There are two private rooms that hold up to 10 people each that can be opened up to accommodate a bigger group.
There is also the omakase counter that can seat 11 people.
Meanwhile, Bar Shake will be offering the country’s first authentic Japanese-style cocktail bar experience.
The name is derived from the stylised Japanese technique of shaking cocktails known as ‘Hard Shake’, immortalised by acclaimed bartender Kazuo Uyeda of Ginza’s legendary Tender Bar.
Kinugawa prepared a longan sake-tini in which he infused freshly hand-squeezed longan juice with sake.
He explained some of the bar’s interesting cocktails, such his version of Bloody Mary that uses a clear tomato juice that has been infused with clam shells to impart a unique flavour.
For mocktails, he has fruits such as kiwi, strawberry and pineapple steeped in Japanese rice vinegar.
“The taste is more mellow,” Kinugawa said, referring to the special vinegar. “I also make the syrups and tonic water.”
Bar Shake can take up to 36 people who can opt to seat at the bar, the long couches and chairs next to the bar, or perhaps if you want your own private party, there is also a private room available.
The lunch Omakase menu is priced at RM279++ and served from noon to 3pm.
The dinner Omakase menu is priced at RM579++ and available from 6.30pm to 10pm.
CELEBRATED Singaporean pastry chef Janice Wong was in Kuala Lumpur recently to demonstrate her latest ice cream-centric creations in Malaysia for the first time.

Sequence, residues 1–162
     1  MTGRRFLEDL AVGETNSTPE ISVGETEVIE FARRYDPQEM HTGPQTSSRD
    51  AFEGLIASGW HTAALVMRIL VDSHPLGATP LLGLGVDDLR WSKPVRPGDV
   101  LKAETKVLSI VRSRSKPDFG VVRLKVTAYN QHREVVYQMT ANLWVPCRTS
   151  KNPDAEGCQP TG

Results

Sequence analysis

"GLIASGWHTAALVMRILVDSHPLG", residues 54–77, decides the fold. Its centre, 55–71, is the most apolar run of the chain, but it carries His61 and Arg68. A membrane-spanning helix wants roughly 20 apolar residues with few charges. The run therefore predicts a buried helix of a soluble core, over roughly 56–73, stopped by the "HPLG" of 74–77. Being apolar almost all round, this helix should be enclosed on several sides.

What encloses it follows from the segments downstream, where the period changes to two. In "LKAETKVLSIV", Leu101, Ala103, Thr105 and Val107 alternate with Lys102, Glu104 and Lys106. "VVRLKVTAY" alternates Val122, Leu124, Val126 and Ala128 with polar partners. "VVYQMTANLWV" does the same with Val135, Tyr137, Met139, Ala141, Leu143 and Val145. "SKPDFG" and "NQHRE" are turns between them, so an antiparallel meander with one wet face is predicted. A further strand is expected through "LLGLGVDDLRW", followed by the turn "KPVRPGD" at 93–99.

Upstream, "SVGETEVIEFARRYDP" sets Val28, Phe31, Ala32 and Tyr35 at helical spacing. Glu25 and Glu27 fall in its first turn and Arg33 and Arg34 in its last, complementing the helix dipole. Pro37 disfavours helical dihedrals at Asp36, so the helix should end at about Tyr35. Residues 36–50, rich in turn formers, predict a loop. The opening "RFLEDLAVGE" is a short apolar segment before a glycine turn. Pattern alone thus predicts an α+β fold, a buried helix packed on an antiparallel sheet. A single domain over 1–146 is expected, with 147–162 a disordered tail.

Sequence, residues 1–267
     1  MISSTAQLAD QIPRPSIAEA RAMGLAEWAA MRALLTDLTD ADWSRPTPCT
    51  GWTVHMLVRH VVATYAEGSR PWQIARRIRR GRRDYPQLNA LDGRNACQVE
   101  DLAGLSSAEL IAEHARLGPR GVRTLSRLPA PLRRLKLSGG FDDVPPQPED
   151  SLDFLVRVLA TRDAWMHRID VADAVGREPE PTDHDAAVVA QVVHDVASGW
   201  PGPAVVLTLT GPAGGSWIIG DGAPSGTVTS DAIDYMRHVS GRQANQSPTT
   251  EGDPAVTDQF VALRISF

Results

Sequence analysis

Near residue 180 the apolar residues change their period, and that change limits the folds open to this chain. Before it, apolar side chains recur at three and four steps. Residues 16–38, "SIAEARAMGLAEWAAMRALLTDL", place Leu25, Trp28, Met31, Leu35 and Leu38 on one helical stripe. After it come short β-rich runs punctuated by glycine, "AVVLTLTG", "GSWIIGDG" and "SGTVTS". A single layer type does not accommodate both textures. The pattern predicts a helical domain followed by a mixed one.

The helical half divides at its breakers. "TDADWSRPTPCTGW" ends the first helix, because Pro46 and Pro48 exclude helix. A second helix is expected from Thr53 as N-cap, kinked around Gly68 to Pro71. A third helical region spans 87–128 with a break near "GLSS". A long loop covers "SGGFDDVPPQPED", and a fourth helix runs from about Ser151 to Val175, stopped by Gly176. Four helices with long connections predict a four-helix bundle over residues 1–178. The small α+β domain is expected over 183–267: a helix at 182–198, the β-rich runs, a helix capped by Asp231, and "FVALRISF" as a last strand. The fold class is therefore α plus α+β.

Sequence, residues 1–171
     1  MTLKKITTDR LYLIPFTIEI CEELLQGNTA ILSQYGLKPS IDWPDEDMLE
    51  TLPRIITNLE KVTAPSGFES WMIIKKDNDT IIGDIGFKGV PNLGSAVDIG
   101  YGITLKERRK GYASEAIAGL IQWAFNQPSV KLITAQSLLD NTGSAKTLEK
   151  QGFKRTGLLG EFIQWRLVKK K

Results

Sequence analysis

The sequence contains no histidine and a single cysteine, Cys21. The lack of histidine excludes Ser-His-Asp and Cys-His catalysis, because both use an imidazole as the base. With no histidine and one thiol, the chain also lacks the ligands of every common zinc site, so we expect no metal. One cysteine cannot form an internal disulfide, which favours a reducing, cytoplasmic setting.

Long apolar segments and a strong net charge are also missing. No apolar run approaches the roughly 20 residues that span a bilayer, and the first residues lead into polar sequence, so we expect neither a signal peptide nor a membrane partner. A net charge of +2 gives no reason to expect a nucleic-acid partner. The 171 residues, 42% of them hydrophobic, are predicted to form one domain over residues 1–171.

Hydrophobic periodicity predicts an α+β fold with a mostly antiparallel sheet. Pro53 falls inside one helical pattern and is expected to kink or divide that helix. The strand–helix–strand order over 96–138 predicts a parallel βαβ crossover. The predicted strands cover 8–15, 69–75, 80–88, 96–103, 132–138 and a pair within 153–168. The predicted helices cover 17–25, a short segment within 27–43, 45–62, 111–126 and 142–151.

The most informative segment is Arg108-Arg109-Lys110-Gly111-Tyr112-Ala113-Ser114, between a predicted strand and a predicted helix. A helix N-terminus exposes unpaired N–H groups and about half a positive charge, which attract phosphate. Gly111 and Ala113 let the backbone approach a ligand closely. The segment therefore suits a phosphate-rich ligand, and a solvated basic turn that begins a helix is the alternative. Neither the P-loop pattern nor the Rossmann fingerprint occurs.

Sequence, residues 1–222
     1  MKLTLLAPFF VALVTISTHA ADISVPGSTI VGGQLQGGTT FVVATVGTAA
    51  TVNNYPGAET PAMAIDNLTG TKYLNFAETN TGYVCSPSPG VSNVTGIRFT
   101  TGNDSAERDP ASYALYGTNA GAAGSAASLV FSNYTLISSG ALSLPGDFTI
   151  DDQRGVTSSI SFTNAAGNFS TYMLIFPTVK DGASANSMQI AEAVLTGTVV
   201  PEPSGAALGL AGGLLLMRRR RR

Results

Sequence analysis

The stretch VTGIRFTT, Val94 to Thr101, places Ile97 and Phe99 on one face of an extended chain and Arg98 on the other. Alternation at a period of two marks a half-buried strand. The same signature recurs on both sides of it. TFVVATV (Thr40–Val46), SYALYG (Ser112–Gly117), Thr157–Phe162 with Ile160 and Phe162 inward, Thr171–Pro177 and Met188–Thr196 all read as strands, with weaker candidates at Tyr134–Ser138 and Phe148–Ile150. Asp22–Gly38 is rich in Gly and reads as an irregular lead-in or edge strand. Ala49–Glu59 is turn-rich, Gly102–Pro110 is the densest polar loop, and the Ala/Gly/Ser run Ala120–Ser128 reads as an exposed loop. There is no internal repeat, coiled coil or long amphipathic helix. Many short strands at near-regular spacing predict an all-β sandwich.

If her name sounds familiar, it is because of her many achievements in the culinary world…
WAY back in 1957, Pitaya Phanphensophon’s Chinese immigrant parents Khun Srichai and Patama opened their first Coca restaurant in Bangkok’s Surawong Road. Coca, which means delicious in Chinese, was among the first to introduce Cantonese and suki (Thai…
WHEN the top 24 contestants on MasterChef Australia season 10 had their first Mystery Box challenge, Sashi Cheliah’s box revealed a replica of the MasterChef immunity pin.
Introduced for the first time in this series’ history, this gave whoever lucky…
THERE are the familiar dark, milk and white chocolates we all know and love. And then, there’s the ruby chocolate we probably have never heard of.
It isn’t just another artisanal creation like your hazelnut praline or orange marzipan, but in fact has…
THIS MONTH, get a taste of what Macao has to offer in terms of culinary treasures at Samplings on the Fourteenth Restaurant at Berjaya Times Square Hotel, Kuala Lumpur.
The Macao Government Tourism Office has flown in chef Sandra Niza Barros, a third…